Even if we don’t fully understand the theory behind it, a simple visual interpretation of the histogram can guide your efforts in the right direction. The key lies in the shape and the position of the curve. Think about it: if we’re dealing with a compact graph, it means that our population is consistent (most of the values are close to each other). Conversely, if the curve is super wide, it implies high dispersion, which means we have a little bit of everything. You can also find special shapes like these:

Pretty neat, right?

Histograms in Qlik Sense

I was extremely excited when I saw that histograms were added as a native chart in Qlik Sense a few years ago. Unfortunately, it was a bit of a disappointment. Even though these objects are great for simple data models, there are tons of scenarios where they’ll fall short:

  • Multiple fact tables
  • Whenever you need set analysis
  • The metric is not a given field, but a calculation
  • Handling outliers

In the end, it’s still very likely that you’ll need to create an artisanal, old-fashioned, QlikView-style histogram most of the times. I guess classics never get old! 😋


  • Metrics: 1+
  • Dimensions: 1+
  • Chart Type: Bar Chart / Line Chart
  • Data Used: NBA Stats

Analyzing Field Goal Percentage (Step by step)

For those of you who are not familiar with this term, the Field Goal Percentage (or FG% for short), is a ratio of the number of shots that a player attempts versus how many of them actually go in. Simply put, if I shot 10 times in a game and I only made 6 baskets, my FG% would be .60.

Field Goal Percentage (FG%) = Field Goals Made (FG) / Field Goals Attempted (FGA)

First, let’s get familiarized with our dataset (remember you can download the QVD and the QVF from our GitHub repository).

It’s important to notice that we can’t pre-calculate this metric in the script. Since we’re dealing with a ratio and we definitely don’t want to fall in the average of averages trap, we’ll do it directly in the front-end.

1. Create a bar or line chart. Both will work fine in this example.

2. Instead of using a standard dimension, we will calculate it on the fly.

3. Let’s combine the aggr() and the class() functions to create all our bins.

Here’s how I would interpret the whole formula:

For each player in our selection…


…calculate the field goal percentage….


…and group it in bins with a width of 2.5%.


4. For the measure, we just need to count the players:

By now, your chart should look like this:

The base functionality is ready, so now let’s improve the formatting a little bit. In order to make the x-axis looks cleaner, we’ll only keep the lower limit of each bin.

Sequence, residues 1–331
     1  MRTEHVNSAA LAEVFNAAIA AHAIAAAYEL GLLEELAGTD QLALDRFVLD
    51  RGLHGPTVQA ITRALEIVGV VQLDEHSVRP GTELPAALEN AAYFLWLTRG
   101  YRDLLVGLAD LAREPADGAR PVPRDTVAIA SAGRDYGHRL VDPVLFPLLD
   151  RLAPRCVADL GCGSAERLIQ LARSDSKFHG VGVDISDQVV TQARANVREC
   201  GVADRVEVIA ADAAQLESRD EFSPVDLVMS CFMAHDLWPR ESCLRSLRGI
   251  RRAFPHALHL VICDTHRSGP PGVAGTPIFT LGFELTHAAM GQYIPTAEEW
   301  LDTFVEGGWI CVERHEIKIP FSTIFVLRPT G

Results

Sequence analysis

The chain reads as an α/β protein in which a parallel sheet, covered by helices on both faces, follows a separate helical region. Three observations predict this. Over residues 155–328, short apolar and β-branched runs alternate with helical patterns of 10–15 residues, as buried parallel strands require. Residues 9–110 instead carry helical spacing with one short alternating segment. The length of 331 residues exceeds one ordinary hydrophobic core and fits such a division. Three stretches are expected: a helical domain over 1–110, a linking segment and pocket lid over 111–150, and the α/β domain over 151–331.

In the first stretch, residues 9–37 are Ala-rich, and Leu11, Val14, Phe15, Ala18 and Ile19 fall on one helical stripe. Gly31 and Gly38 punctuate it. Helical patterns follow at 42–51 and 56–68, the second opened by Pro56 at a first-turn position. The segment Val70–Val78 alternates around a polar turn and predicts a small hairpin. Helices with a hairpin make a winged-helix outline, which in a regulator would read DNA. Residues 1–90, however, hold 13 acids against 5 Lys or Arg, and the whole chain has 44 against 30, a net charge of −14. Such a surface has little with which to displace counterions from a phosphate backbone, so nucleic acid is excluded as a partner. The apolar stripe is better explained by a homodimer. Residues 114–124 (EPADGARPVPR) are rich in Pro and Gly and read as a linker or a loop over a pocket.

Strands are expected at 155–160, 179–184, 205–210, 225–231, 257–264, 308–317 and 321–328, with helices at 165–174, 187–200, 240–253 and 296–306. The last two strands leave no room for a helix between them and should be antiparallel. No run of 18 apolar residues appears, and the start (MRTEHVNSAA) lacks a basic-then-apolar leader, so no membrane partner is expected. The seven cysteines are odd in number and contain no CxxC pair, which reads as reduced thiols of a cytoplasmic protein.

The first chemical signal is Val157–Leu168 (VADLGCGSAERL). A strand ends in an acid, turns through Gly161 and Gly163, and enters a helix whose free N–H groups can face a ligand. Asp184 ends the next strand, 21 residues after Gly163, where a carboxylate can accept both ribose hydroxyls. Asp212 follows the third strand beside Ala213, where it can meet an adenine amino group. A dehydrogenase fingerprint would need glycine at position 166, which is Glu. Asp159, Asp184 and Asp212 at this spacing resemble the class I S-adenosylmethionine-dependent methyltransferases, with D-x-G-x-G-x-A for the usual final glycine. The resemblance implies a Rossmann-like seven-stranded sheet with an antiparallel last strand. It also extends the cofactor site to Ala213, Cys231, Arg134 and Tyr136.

5. Modify the dimension using the subfield() and num() functions.

Essentially, we’re telling Qlik to do this:

Divide the whole string using “space” as the separator. Keep only the first chunk.

…and format it as a one decimal percentage.

6. Finally, apply a little makeup (titles, labels, colors, and so on). If necessary, go to X-axis > Number of axis values to make sure that all the columns in your charts are shown.

7. Voilà! Now you have a classic, highly customizable histogram. Congratulations!

Possible improvements
  • Use an input box so the user can modify the size of the bins with a variable.
  • Add more information to the tooltips.
  • Group the smallest values in the first bar. We don’t want kilometric tails that affect the aesthetics of the chart. Same goes to the largest values.
  • Use Alternate States or Set Analysis to compare different groups.
  • Try using a line chart to change to look and feel of the visualization.

At the buzzer

Before we wrap up, here’s one last example I wanted to share! I tweaked the histogram we just created so it could compare the FG% of two positions: PG and PF.

Even though the game has changed a lot in the last few years, Point Guards (PG) are traditionally short players who are good at passing and dribbling. Think about Steve Nash, Jason Kidd, or Magic Johnson. On the other hand, Power Forwards (PF) tend to be tall players who move well near the paint like Dirk Nowitzki, Kevin Garnett, or Karl Malone.

What can we get out of this visualization? Well, I see 2 interesting things:

  1. The red curve is located a bit further to the right. This means that, in general, power forwards have a higher FG%.
  2. The blue curve is more compact, which implies that point guards are more consistent in their shooting percentages (although they tend to be a bit lower).

If you’re a sports fan like me, I’m sure you’ll have a ton of new questions: What about the rest of the positions? Has this changed over the years? What if we compared different teams instead of positions? Is the FG% really related to wins?

Sometimes you can tell that a visualization is useful not because it gives you answers, but because it leads you to better questions. And believe me, histograms always bring more questions.

Final thoughts

So, what do you think about histograms now? They’re pretty cool, right? If you have any feedback or you want to talk more about data visualization (or basketball), be sure to leave a comment in the section below.

Thanks for reading. Until next time!